When I first saw Mills I didn't see him. When you are 8 years old the thought of watching someone get killed is a little frightening. So I hid my eyes. I figured there was no way that little man in the funny clothes in that ring with that bull could keep from being killed. But somehow he did. So the next night I looked at him. It was a wild sight. He wore blue jeans at least a foot and a half too big around the waist but held up by a pair of wide elastic suspenders. The shirt was plaid, loud plaid, as was the handkerchief he kept barely tucked into a hip pocket. The hat was early Buster Keaton, a flat, saucerlike affair. And, of course, there was the barrel. Imagining a rodeo clown without his barrel is like trying to envision Babe Ruth without a bat and just as foolish. George Mills had a job to do, and he needed that barrel to do the job.

The barrel began each performance directly in the center of the pen. And by the time Rider No. 1 came out on Bull No. 1, George was in the barrel up to his waist, peering closely at the twisting, snorting mountain of flesh that wasn't too happy about having someone sitting on its back with a cinch around its vitals. Eventually one of two things happened. Either the bull threw the rider or the rider rode out his time, got his buzzer and wanted off that bull. Once off he needed to get out of that pen—in a hurry. That was George's cue.

The moment a rider touched the ground, either by accident or design, George left the barrel and was after that bull. His main job was to distract the bull so that the rider could get out. This George did in spades.

One of his specialties was sailing his little hat about 15 feet through the air so that it hit the bull right above the eyes. Then he would nonchalantly walk over, pick up the hat and about this time the bull would decide he didn't care for the funny-looking man who was throwing things at him. Somehow George managed to dive into the barrel every time, just an instant before the bull rammed into it, hurtling it 10 or 20 yards.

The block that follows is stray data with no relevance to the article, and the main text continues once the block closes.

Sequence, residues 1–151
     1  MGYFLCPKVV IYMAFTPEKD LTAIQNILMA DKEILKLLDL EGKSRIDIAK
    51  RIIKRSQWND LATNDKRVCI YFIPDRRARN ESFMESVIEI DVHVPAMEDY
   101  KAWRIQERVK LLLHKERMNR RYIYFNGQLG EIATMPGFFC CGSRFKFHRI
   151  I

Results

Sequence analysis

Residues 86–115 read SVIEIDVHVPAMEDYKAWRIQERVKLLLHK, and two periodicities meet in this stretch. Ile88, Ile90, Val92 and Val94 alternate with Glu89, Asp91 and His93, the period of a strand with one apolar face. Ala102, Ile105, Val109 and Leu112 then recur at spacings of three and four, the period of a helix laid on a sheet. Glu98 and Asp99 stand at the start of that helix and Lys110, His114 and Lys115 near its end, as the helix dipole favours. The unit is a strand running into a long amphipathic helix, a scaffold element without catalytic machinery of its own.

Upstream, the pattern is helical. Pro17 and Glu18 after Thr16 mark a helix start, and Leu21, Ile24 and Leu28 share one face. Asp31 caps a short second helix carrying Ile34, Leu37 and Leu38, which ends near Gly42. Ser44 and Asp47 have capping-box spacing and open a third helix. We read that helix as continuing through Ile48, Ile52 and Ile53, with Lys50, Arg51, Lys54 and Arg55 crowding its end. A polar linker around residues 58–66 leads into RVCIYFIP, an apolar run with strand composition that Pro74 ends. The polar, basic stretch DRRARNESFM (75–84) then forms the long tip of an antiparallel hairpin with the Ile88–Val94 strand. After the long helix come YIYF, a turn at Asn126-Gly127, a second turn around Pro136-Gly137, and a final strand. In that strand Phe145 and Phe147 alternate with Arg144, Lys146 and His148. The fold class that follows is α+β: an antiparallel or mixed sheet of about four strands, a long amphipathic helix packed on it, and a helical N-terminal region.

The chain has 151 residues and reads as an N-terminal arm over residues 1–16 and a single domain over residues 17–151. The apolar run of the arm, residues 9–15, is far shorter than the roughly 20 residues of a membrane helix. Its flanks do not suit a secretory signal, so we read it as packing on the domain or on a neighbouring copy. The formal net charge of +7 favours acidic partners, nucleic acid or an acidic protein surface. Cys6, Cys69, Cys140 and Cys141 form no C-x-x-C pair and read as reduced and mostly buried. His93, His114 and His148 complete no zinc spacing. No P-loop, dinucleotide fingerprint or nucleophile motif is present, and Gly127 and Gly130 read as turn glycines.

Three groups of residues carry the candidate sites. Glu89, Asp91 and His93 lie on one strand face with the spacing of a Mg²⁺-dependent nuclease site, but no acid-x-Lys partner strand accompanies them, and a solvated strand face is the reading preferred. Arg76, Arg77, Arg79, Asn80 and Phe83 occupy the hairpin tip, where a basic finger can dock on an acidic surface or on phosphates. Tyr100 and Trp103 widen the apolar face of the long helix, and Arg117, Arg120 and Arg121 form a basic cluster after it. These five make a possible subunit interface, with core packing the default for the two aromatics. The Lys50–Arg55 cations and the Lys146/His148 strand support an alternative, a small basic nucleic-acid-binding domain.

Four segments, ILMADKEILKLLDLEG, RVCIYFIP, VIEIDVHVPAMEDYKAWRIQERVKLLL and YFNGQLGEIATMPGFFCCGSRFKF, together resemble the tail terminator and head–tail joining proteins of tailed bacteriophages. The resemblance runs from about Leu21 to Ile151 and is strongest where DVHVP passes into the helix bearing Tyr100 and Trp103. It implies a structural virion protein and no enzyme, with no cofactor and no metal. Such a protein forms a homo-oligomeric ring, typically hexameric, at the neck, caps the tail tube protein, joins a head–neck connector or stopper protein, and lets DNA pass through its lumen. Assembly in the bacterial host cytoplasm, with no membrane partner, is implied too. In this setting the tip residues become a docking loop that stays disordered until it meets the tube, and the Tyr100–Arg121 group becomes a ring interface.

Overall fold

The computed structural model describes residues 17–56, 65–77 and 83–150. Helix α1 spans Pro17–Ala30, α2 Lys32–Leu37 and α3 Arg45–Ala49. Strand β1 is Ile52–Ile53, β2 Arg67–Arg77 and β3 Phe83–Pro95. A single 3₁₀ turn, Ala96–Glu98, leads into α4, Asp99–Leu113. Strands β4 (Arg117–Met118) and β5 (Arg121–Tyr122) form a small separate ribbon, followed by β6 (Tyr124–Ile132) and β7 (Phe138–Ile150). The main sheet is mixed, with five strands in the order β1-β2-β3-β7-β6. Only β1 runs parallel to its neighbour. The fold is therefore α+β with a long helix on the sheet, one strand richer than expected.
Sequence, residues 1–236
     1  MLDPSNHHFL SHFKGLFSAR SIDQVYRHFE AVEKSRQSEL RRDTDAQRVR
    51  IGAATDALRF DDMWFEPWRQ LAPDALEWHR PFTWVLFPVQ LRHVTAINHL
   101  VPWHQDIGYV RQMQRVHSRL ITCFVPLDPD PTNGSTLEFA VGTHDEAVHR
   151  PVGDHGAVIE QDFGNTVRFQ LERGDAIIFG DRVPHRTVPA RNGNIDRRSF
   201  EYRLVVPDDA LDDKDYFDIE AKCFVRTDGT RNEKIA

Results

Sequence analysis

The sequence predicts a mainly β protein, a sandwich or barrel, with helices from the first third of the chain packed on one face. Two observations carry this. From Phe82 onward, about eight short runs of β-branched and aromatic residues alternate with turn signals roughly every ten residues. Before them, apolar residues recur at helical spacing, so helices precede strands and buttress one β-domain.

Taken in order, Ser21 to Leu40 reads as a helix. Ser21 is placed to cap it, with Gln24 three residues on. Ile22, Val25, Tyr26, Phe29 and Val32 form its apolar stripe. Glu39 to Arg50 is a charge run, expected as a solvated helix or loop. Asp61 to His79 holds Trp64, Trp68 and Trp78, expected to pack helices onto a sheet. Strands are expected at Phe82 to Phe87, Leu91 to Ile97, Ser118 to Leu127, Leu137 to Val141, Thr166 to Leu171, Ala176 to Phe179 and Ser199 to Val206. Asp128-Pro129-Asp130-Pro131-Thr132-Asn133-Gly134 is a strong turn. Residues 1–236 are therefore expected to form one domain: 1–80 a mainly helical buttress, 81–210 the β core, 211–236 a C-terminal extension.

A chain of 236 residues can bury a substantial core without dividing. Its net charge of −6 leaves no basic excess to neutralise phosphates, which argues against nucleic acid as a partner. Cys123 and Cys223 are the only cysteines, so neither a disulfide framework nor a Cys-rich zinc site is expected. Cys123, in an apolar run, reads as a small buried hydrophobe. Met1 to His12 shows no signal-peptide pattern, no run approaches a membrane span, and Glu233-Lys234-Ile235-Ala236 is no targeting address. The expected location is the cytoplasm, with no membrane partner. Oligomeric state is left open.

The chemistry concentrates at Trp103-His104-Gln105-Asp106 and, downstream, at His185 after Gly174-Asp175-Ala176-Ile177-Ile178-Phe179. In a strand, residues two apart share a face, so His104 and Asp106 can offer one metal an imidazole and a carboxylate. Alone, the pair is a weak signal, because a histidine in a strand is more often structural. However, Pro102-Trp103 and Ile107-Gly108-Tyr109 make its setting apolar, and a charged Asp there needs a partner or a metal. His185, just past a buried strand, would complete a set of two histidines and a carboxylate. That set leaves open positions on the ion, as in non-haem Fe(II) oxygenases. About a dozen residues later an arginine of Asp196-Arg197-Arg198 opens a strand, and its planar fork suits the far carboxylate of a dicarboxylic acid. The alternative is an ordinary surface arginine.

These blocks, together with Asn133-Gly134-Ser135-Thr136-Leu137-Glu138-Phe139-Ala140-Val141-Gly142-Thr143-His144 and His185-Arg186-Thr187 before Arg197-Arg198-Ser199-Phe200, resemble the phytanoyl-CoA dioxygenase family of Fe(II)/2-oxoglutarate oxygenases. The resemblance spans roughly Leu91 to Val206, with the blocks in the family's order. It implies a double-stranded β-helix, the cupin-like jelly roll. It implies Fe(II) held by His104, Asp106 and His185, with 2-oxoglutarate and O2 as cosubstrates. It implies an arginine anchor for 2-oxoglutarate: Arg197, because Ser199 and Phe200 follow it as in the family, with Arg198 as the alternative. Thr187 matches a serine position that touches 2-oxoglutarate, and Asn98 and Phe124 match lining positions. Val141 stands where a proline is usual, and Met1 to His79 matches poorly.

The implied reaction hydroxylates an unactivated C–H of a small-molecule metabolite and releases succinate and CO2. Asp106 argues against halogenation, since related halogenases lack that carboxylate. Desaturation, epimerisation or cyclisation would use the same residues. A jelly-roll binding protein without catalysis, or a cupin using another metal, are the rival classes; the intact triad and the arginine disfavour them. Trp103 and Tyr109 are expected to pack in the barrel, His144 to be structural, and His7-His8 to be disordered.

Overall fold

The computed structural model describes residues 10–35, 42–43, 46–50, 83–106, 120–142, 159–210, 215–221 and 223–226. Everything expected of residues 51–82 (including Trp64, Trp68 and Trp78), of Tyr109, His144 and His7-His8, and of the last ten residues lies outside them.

Sometimes when a rider took a bad fall and was down on the ground and the bull was after him with a horn, George would sprint up, grab the bull by the tail and literally pull him away from the fallen rider.

I saw George work each summer for about 10 years. There were times during those years when I decided it wasn't courage but just plain loco foolishness that led him to mess around with those bulls. Then I learned something.

The first night's rodeo at the Colorado State Fair one year was a rough one. It had rained, and one cowboy had to be taken to the hospital in an ambulance with some broken ribs and internal bleeding after being trampled on by a bull.

The next morning at 7:30 the fairgrounds were almost deserted. Almost. Underneath the grandstands another kid and I were cleaning up the concession area, stopping only for a minute to take a break and walk out to where we had seen George Mills work in the mud the night before. As we got there a cowboy strolled up wearing Levi's, shirt, boots and a cowboy hat. He might have been any of a hundred. He disappeared behind the chutes. In a few minutes we could hear the sound of something being moved into one of the chutes. The cowboy reappeared, carrying a barrel, George Mills' barrel. He placed it in the center of the pen, walked over to the chute and let out the biggest and meanest Brahma bull ever. And for the next 15 minutes, he proceeded to give a performance with that bull that George Mills could not have equaled. We stared and stared. Then suddenly we realized. The baggy pants were gone and the funny hat, but the man we were watching was George Mills, practicing his difficult profession without fuss or fanfare.

Later that morning we learned why George Mills had been working at 7:30 in the morning. When the rodeo announcer came by and finished checking out his equipment we asked him point-blank about the incident.

"Simple explanation," he told us. "Whenever a bull hurts anybody George works the bull the next morning. He wants to get to know him."

Maybe George Mills has hung up his barrel by now or maybe he's still working a rodeo now and then. I don't know. But one thing I do know. When anyone talks of courage they had better include a guy who tangles with an animal seven times his size just so "he can get to know him."